Re: Why is a Concatenated table bad for the RAM consumption compared to Star Schema?
You need to clarify your terminology - what do you call a "concatenated table" and how is it different, in your opinion, from a Star Schema.
The terminology that I use is the following:
Star Schema is a kind of an analytical data structure (as opposed to a transactional one) that satisfied the following Requirements:
1. There is only one Fact table that contains all the transactions in the data model.
2. There is a number of Dimensional tables surrounding the Fact, and each Dimensional table is located not further than 1 link away from the Fact (in other words, all Dimensional tables are associated to the Fact but not to other Dimensional tables).
3. All the fields that participated in Expressions (metrics, flags, etc...) are stored in the Fact table.
Concatenated table is one of the commonly used data modelling techniques that is used to combine multiple transactional tables into a single ("concatenated") Fact table. The result of this technique is usually a Star Schema, or a Snowflake if Dimensional tables happen to be associated between them.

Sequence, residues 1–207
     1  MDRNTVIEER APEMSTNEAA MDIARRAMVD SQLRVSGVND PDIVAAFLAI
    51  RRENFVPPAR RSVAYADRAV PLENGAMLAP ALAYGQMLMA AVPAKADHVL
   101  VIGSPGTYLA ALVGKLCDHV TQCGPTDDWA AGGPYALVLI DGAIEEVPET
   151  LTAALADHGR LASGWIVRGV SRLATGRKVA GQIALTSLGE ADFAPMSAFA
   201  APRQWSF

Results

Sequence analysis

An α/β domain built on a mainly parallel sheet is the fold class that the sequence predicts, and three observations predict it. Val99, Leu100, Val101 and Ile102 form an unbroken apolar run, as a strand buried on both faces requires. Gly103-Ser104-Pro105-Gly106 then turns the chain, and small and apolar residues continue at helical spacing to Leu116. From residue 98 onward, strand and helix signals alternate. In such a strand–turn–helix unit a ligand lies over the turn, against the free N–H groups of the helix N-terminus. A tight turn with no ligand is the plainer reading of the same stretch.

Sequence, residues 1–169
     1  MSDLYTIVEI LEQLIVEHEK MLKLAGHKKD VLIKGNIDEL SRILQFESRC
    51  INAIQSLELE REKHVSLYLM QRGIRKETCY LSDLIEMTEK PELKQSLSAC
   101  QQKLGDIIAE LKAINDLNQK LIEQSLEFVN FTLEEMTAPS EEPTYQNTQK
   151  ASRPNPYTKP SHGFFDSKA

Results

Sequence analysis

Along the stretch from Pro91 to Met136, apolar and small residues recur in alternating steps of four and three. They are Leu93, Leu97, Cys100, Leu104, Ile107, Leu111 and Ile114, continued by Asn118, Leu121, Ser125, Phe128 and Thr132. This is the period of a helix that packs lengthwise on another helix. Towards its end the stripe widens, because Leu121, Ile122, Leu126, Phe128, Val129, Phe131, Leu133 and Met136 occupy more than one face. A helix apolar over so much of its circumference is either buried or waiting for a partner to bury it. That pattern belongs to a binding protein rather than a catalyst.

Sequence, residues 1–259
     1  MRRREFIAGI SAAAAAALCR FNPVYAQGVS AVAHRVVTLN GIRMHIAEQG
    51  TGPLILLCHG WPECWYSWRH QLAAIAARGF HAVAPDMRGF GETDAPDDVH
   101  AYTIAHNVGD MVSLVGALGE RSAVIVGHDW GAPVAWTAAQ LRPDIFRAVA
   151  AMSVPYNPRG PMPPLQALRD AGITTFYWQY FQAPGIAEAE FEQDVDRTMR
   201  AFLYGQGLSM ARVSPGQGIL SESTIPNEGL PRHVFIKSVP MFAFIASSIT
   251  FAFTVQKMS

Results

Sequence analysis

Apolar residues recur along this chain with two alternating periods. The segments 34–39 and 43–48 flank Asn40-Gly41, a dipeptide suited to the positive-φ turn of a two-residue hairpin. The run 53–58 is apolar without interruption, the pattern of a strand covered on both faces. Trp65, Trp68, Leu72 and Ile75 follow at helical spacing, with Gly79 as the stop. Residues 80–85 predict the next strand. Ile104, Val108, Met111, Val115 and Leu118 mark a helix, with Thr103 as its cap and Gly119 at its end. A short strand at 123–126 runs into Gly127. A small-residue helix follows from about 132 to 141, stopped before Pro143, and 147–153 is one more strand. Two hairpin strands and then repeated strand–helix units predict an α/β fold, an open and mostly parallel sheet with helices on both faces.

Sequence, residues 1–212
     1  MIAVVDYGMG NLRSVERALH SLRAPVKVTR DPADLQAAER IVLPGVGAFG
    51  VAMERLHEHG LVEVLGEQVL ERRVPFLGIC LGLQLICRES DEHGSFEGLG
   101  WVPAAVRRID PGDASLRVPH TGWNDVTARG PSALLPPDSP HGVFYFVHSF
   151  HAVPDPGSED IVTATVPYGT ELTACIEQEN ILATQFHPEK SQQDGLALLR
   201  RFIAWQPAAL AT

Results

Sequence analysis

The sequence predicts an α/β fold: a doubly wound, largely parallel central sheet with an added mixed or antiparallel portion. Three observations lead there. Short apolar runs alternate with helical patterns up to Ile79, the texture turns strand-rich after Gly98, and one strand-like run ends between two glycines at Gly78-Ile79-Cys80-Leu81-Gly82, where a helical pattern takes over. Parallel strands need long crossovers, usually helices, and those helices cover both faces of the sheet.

Star Schema is typically the best performing option of all, for two main reasons - the metrics are all stored in a single table, and Dimensions are not further than one link away. That being said, a Snowflake schema may only be 10-15% slower than a Star. This difference can be negligible in smaller data sets.
Now, having clarified the terminology, would you like to clarify your question?
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